The Economy of World Domination

Categories: 3 Questions

John Perkins used to be corporate hotshot. As a young man he was what he calls an “economic hit man.” His job was to scout out poor nations and convince their governments to take American loans, knowing the governments had no hope of paying them back.

The nations would be forced to make economic concessions to American companies. This cycle, Perkins says, was the foundation of a global empire. In The Secret History of the American Empire: Hit Men, Jackals, and the Truth About Global Corruption he exposes the corporate misdeeds and influence spanning the world.

City Pages: Explain what the title of your book refers to.

John Perkins: Well, I think it's fair to say that we've created the world's first truly global empire, and for the first time we've created an empire primarily without the military; we've done it with economics. Perhaps the most common method is that we will identify a third-world country that has resources that corporations covet, like oil.

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Then we arrange a huge bank loan to the country from the World Bank. However, the money doesn't go to the country. Instead, it goes to our own corporations, which build things like power plants, industrial parks, highways; projects that benefit a few rich people in the country and our corporations. They don't help the majority of the people who are too poor to buy electricity, don't have the skills for industrial parks, don't own cars to drive on the highways, but the whole country is left with this huge debt; they can't afford to pay it. So we go back in and say, "Listen, you owe us a lot of money, so sell your oil real cheap to our oil companies, or vote with us on the next critical UN vote, or send troops in support of ours in Iraq or some other place of the world." In that way we've really managed to create this empire without people even realizing we've done it.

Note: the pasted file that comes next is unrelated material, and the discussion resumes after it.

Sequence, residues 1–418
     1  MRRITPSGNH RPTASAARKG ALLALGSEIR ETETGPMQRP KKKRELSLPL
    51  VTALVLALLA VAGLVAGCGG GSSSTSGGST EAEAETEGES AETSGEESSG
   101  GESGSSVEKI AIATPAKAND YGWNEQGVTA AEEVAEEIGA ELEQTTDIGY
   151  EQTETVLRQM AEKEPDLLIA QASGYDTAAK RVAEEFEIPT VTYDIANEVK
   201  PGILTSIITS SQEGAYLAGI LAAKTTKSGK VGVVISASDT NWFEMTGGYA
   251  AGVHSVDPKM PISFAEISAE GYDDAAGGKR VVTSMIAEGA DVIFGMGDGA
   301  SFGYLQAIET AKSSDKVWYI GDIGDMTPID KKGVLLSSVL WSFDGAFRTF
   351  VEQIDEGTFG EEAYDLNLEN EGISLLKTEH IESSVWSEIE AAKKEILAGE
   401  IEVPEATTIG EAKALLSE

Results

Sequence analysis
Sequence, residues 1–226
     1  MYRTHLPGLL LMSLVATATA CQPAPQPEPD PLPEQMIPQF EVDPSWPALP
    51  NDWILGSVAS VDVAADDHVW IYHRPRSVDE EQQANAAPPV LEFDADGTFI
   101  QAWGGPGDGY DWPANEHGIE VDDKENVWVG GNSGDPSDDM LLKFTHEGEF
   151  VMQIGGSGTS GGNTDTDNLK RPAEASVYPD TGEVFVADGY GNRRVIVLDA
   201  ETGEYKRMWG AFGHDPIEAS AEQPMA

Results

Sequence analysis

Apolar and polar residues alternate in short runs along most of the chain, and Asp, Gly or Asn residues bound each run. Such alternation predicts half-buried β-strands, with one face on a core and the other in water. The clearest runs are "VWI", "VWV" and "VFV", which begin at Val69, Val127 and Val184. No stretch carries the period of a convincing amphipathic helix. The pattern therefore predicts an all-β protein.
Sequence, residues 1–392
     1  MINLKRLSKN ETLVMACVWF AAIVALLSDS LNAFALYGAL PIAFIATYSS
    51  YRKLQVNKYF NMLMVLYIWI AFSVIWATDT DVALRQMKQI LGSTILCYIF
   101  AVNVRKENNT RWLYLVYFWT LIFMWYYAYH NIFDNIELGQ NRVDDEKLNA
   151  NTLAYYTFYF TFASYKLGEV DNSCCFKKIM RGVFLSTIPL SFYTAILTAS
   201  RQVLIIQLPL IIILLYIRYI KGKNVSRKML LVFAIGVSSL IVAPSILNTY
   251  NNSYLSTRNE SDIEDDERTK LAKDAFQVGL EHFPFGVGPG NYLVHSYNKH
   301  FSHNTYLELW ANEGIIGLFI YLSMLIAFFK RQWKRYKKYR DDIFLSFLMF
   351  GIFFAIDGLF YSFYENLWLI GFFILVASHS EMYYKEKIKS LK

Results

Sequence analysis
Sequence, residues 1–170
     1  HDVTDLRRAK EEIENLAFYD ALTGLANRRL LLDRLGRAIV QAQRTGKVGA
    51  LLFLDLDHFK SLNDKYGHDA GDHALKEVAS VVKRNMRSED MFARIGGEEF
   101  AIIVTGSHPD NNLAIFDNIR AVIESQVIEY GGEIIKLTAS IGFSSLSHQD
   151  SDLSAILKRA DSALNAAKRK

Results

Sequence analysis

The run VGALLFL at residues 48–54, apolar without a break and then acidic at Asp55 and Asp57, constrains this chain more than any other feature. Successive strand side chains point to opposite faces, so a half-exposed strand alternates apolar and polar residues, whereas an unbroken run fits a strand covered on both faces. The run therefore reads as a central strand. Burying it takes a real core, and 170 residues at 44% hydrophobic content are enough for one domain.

CP:First world empire, really? The British empire at it's height ruled 25 percent of the world's land and people

JP:Absolutely. The British didn't go into South America much. The Romans, of course, were a relatively small empire by modern standards. I grew up looking at the world as a large globe with 180-some odd countries. A few of those countries had influence over others like the United State and the Soviet Union. But today we see different geopolitics. We see this globe with 180-some odd countries with these huge clouds drifting around that know no national borders, that don't have to abide by any set of laws. These are the big corporations. They form partnerships with the Chinese government or the Argentine government or the South African Government or the US government, whoever best serves them at the time. It's truly different geopolitics than we've ever experienced on the planet before. This is a time that's roughly equivalent to when the city-states became nations. We're at a time similar to that now when the nations are becoming somewhat irrelevant, and it's the big corporations that are calling the shots.

CP: Could you just give me a thumbnail sketch of how, in your experience, the world functions as a whole?